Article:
Since ancient times St. John’s Wort has been used as a powerful treatment for depression that is mild to moderate. Although, some side effects may occur, such as allergic reactions, increased light sensitivity, dry mouth, confusion, and dizziness.

 

  • Elderberry

Elderberry is an ancient plant helpful in treating nerve pain, toothaches, viral infections, and headaches. The fruit itself is harvested from the Sambucus Nigra plant. It was most effective when cooked being used in the past. Compared to modern uses, it’s still used as a viral treatment for flu and cold symptoms. The current forms of fruit that are used today are tablets and syrups. It is even possible to make it as tea or homemade syrup.

Its uses during the middle ages and even in Greece were extraordinary in the past. Hippocrates claimed that Elderberry is “nature’s treasure chest.” One of its uses was a salve used to treat scalds and burns. Even in modern studies human use and consumption of Elderberry are shown to shorten flu infections. Although, if you take the fruit in its unripe and raw form, it is toxic and can cause symptoms like nausea, diarrhea, and vomiting.

 

  • Ginkgo Biloba

Ginkgo Biloba is native to China and is a fruit from the maidenhair tree. It is also known to have been used in Chinese traditional medicine for centuries. It is used very widely in teas as an herbal supplement, and tinctures are made from its seeds and leaves. The seeds can be eaten raw and are safe only in small quantities. In any form, Ginkgo contains antioxidant compounds that significantly prevent many chronic diseases.

Other modern uses include treatments for dementia, mental difficulties, and sexual dysfunction. Although, side effects would include skin reactions, digestive issues, heart palpitations, and an increased risk of bleeding. As far as its history goes being that it is still grown in China, it may have been hard to come by for centuries. Due to the fact it was protected by monks in Buddhist monasteries for centuries up until the 1600s. At that point, it had been discovered and was beginning to be reexamined by various scientists for a while. Engelbert Kemper was partially responsible for the tree’s rediscovery, and Ginkgo Biloba has since then circulated to other countries, possibly only in Europe.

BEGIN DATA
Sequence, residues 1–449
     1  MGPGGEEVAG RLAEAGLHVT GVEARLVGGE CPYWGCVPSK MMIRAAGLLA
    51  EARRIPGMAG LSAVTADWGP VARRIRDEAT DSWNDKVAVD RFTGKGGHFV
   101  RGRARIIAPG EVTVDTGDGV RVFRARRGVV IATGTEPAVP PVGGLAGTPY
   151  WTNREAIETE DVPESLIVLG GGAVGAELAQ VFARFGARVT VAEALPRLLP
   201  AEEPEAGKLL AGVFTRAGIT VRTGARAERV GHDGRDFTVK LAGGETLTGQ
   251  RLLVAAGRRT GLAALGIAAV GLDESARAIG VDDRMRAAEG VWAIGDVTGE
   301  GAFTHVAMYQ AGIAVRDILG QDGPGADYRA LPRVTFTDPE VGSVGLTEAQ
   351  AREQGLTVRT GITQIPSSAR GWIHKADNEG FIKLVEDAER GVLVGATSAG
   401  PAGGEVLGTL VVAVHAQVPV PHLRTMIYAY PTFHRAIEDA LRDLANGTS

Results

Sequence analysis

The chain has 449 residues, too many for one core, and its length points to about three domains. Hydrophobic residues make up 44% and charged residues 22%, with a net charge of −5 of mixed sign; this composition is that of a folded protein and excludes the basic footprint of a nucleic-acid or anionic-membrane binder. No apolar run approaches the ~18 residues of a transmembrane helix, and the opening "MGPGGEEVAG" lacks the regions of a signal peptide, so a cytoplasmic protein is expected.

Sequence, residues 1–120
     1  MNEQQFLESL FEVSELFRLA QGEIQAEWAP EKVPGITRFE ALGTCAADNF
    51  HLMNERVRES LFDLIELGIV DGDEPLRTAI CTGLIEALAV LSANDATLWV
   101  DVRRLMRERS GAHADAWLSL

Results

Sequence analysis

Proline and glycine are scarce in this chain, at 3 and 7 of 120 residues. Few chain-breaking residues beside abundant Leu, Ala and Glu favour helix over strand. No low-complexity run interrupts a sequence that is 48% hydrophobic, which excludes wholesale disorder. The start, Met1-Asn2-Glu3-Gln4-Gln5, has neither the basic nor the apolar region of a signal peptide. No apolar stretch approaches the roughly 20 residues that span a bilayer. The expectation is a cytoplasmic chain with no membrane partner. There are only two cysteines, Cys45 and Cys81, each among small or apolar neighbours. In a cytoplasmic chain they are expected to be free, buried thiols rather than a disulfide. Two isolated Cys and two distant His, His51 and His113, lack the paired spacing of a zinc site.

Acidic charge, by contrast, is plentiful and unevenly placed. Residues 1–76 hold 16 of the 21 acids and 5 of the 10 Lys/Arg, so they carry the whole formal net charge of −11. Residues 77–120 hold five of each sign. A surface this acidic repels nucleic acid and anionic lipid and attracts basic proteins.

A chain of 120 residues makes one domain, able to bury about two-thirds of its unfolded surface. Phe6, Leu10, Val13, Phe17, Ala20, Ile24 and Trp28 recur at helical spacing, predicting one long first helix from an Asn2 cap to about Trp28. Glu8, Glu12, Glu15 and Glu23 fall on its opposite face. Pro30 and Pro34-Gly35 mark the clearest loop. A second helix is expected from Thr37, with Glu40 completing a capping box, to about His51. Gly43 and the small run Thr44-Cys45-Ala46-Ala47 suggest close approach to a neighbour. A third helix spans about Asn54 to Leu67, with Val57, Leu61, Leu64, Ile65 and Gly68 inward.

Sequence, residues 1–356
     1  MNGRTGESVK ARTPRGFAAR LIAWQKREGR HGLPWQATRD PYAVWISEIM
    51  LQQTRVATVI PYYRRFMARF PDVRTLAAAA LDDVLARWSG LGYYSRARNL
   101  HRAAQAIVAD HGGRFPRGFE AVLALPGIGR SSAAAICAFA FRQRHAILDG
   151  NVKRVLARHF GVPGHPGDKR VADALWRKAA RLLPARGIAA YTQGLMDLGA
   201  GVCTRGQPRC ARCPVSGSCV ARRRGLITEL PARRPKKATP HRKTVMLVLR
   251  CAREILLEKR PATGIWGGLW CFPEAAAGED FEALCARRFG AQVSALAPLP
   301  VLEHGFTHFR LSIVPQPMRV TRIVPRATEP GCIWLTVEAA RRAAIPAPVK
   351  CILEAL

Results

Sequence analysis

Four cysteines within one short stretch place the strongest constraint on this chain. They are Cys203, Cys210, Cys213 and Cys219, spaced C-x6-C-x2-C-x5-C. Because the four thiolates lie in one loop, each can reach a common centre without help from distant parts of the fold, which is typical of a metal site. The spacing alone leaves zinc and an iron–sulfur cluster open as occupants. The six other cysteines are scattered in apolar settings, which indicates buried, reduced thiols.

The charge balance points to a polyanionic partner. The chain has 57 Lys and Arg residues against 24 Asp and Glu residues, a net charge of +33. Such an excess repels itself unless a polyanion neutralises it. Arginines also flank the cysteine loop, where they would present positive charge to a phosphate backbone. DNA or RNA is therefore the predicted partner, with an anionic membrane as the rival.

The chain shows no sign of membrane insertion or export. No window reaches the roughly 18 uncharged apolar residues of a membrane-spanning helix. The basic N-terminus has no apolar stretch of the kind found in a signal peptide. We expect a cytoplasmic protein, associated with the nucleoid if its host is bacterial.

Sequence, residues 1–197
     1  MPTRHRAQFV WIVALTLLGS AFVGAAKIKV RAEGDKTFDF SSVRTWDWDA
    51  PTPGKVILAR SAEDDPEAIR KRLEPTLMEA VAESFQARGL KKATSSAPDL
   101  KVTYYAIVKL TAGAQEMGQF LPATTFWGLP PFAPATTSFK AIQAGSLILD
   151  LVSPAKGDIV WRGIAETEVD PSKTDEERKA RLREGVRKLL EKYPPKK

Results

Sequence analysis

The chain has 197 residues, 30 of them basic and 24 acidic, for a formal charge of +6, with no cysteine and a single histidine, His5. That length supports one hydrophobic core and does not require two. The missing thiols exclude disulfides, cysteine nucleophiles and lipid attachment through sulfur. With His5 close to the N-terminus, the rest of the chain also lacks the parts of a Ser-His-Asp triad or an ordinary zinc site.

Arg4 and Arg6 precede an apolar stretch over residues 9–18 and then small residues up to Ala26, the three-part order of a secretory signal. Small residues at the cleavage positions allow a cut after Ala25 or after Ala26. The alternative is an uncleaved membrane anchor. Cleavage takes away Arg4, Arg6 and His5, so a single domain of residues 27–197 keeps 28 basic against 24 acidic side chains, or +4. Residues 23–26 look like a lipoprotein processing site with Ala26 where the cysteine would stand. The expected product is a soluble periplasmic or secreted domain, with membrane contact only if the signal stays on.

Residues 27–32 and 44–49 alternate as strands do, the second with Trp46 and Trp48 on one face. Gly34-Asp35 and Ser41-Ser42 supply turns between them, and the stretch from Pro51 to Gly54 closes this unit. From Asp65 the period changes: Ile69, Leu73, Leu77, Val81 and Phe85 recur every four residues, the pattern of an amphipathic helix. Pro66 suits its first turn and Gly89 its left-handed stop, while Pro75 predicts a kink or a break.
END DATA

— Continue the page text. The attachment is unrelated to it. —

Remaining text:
• Ginseng

Ginseng is a root plant with varieties native to both American and Asian countries. The most popular for medicinal use is Panax Quinquefolius and Panax Ginseng. Chinese medicine is best used for energy, has immunity-boosting properties, and even reduces inflammation. When the American type is used it is mostly used for relaxation. In both varieties, it can have anti-cancer and anti-diabetic properties. Its benefits for long-term use are not well studied, but its side effects are poor sleep, headaches, and digestive issues.

In Indian history and culture and other Asian cultures, Ginseng was known as a god or godlike creature who is the brother of Soma within the Vedas (Ancient Indian Scripture). Even in Korea during ancient times, Ginseng gathering was an arduous but important profession. Many were hired by the Emperor or would freely go out and collect Ginseng roots as private gathers. They went by the name Va-Pang Suis. Ginseng has also been used within several Native American tribes and is used to cure headaches, croup, and wound treatment. The Creek Indians called it “White Medicine” It was used as a medicine and mixed with Ginger and alcohol to stop or mitigate fevers. Ginseng would even be chewed when traversing through a graveyard, and it was a Creek Indian custom to spit the chewed root in four different directions to ward off evil spirits.